Who knew I was ahead of the curve? Started dining solo during college (back when the earth was cooling) to kill time in between an afternoon class and evening class. When I had a major falling-out with my then housemate it was a way to spend less time at home. As time went on, like MMH, I decided not to miss out on going out for a meal, a concert, movie, trip to Paris or Italy, etc. Service has been spotty at times, tends to be better at the bar, which I prefer to a table.
quasimodo69 January 26, 2019
Hello....I am 59....disabled....missing a leg.Poor.But yes I eat out alone a lot.
I don't care to.So I often ask somebody....ANYBODY to go with me.
As a southern gentleman I let them know I pay.
I am on it's just once a month.Food and takers.

And I am not the best looking guy....but I don't scare babies when I scooter down the street.
I am very well read and well traveled.Nothing shocks me...but I reel in my humor depending on my company....but I don't get the opportunity to show it.
So I have gotten used to eating doesn't bother me anymore.

I recently was moved here to Des Moines,Ia to a great VA hospital for therapy and I love this town.The people are REALLY nice here....genially nice .
Not phony take a cripple to lunch one day! :-)
Eric K. January 25, 2019
Thank you so much, everyone, for sharing your stories. More here:
Miss_Karen January 24, 2019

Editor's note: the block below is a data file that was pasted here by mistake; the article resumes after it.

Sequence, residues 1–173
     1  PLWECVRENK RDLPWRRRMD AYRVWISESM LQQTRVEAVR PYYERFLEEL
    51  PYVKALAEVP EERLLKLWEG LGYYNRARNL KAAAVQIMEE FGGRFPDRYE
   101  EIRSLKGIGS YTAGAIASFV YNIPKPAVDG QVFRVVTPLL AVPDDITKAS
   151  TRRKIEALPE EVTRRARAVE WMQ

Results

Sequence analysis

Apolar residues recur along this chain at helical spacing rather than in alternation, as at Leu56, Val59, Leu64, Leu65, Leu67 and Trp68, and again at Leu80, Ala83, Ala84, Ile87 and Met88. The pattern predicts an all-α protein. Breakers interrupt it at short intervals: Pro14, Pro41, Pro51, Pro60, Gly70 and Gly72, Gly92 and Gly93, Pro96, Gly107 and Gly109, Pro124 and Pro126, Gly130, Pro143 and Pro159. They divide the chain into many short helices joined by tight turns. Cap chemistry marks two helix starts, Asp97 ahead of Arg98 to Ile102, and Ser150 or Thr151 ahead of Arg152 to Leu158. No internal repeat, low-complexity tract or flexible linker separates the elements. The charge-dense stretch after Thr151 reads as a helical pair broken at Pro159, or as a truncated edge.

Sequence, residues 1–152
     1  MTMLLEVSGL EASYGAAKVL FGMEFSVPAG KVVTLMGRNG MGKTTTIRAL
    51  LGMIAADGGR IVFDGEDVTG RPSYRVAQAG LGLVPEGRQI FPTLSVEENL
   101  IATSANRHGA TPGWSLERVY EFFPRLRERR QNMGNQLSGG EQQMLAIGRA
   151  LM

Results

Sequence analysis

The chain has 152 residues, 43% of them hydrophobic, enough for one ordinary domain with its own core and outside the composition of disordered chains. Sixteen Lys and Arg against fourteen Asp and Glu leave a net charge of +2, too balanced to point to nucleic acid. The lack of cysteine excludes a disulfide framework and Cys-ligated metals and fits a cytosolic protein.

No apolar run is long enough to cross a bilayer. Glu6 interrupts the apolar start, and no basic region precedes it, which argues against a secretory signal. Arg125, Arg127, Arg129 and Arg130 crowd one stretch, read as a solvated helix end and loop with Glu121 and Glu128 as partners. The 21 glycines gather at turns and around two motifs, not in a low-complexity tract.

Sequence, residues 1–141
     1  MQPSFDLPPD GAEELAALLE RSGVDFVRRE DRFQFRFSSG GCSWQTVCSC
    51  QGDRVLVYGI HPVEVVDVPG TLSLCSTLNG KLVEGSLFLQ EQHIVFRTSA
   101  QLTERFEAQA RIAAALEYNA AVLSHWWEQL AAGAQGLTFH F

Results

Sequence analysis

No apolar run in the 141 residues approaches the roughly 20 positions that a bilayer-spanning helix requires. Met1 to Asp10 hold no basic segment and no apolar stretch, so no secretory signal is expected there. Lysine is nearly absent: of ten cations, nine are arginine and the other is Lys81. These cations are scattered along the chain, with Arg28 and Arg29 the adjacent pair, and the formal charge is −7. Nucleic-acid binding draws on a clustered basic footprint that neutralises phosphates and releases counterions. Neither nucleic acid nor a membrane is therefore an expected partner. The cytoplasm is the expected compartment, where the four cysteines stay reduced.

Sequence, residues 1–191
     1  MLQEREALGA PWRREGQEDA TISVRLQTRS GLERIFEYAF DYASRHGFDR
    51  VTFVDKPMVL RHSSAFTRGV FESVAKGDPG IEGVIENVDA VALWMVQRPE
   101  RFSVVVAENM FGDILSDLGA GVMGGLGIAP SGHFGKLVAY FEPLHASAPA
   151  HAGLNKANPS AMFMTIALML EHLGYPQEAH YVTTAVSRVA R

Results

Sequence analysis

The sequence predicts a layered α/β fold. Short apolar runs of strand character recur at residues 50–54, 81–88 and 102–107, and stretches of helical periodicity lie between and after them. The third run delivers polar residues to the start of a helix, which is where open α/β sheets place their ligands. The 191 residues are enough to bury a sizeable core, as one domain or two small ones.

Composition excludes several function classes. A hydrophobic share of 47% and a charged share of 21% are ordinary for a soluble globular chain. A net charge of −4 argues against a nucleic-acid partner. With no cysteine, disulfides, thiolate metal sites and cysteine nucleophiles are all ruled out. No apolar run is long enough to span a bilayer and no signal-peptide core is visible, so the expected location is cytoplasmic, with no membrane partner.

I dine alone frequently. I would say the worst time was when I was in Paris and was told that there wasnt any tables available for me. It was early evening and there were only a few tables that had guests. So perhaps 80% of the restaurant WAS available.
The premis being that since I was a single dinner I was obviously there to pick up on someone. I speak French, and I am very knowledgeable about the F&B business.I did actually have a reservation that was made by the restaurant sister restaurant in California.(He was the brother of the restaurant owner in Paris)
That was the worst!! I refuse to be mandated to some barstool in the bar. For whatever reason I chose this place to DINE...Do not ignore me and don't treat me as unintelligent.
Stephanie B. January 23, 2019
I don't dine alone very often, but when I do it's something I make time for and enjoy. The first time I did this was because I didn't have a choice: I was traveling for work and got to my hotel late on a weeknight, I wasn't traveling with any co-workers, and friends in town were not available that night. So I went out fully expecting it to be awkward. And it was. But only slightly, and the more I sat there the more I realized it was awkward because I was expecting it to be. By the time I was done, I was enjoying the quiet and the time with my own thoughts, and no one was looking at me like I was a sad weirdo for eating alone.